KUCHING, Sept 1 — Premier Tan Sri Abang Johari Openg today made it clear today that oil and gas fields located within Sarawak’s territorial waters in the South China Sea remain with the state as Malaysia does not recognise the new China standard map.
He said the Malaysian Foreign Ministry has already clarified the country’s position that “we cannot accept China’s standard map that encroached into our areas.”
“Malaysia has already rejected the new map and Sarawak is in Malaysia. That is our position,” Abang Johari told reporters after chairing Parti Pesaka Bumiputera Bersatu (PBB) supreme council meeting at its headquarters in Jalan Bako.
“The map does not affect our territorial boundaries in South China Sea where many of our oil and gas fields are located.”
The PBB president said China has to comply with the 1982 United Nations Convention on the Law of the Sea (UNCLOS) as it is a member of the United Nations.
When told that China has a history of not respecting the judgment by the international tribunal in the Hague that did not rule in its favour in the territorial dispute with the Philippines, Abang Johari said that is a secondary issue.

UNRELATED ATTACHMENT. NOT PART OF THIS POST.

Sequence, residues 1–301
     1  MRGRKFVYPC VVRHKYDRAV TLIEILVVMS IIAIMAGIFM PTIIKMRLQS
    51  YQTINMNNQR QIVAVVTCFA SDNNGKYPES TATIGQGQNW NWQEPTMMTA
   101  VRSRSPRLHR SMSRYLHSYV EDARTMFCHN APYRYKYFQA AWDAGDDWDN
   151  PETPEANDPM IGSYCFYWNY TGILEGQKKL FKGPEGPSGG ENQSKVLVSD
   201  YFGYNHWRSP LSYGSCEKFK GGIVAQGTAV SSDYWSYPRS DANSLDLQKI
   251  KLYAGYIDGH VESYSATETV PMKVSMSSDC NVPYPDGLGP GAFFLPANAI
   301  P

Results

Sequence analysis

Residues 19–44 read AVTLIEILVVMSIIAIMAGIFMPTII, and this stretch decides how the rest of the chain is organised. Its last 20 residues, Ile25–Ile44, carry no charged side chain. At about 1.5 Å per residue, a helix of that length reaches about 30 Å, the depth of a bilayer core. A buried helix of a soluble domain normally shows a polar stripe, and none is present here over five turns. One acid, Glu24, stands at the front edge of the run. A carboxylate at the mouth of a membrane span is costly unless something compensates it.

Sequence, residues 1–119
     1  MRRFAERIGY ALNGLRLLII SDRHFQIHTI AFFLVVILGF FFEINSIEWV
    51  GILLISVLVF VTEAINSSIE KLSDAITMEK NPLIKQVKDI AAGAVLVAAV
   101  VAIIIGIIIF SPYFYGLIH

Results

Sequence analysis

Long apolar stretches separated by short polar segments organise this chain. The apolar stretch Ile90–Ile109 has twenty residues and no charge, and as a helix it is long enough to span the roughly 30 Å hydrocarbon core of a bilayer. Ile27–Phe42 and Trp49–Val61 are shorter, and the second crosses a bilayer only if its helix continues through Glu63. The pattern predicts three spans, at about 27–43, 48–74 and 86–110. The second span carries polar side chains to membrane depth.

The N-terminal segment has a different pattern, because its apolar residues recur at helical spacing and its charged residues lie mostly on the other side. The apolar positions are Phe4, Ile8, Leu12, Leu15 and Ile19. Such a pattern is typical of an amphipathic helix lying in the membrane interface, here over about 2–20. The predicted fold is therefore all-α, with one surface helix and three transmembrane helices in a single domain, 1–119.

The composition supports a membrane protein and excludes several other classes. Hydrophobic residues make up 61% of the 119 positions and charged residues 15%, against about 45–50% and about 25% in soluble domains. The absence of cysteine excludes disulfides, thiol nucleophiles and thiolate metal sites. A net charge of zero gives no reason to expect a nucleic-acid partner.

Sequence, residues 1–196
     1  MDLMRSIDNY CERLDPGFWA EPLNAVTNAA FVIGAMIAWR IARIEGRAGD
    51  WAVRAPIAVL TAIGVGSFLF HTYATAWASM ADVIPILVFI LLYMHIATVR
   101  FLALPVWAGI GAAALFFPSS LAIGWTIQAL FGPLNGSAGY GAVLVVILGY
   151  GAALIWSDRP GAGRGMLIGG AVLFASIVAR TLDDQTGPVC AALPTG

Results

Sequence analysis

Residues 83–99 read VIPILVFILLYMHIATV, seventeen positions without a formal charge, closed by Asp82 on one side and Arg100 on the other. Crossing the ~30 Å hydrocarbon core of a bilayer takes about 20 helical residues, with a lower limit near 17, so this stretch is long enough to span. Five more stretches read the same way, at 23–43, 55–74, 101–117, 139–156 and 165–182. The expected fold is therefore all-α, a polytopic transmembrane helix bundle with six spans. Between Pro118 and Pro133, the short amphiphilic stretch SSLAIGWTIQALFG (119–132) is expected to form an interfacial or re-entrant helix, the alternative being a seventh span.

“The whole issue is that the areas that are claimed by China are our areas.
“Don’t tell me we can also come up with our own map (and claim areas belonging to other countries).
“The China map is not binding and that is why we have to comply with the international laws of the sea,” he said.
The Malaysian Foreign Ministry on August 30 issued a statement that the country does not recognise China’s claims in the South China Sea, as outlined in the “China Standard Map Edition 2023,” which also encompasses Malaysia’s maritime areas.
The map holds no binding authority over Malaysia, it said in a statement Wednesday.
The ministry said the map, among other things, displays China’s unilateral maritime claims that encroach upon Malaysia’s maritime areas in Sabah and Sarawak, based on the 1979 Malaysia New Map.
It said the Malaysian government had said that it had consistently rejected any foreign party’s claims to sovereignty, sovereign rights and jurisdiction over maritime features or maritime areas based on the 1979 Malaysia New Map.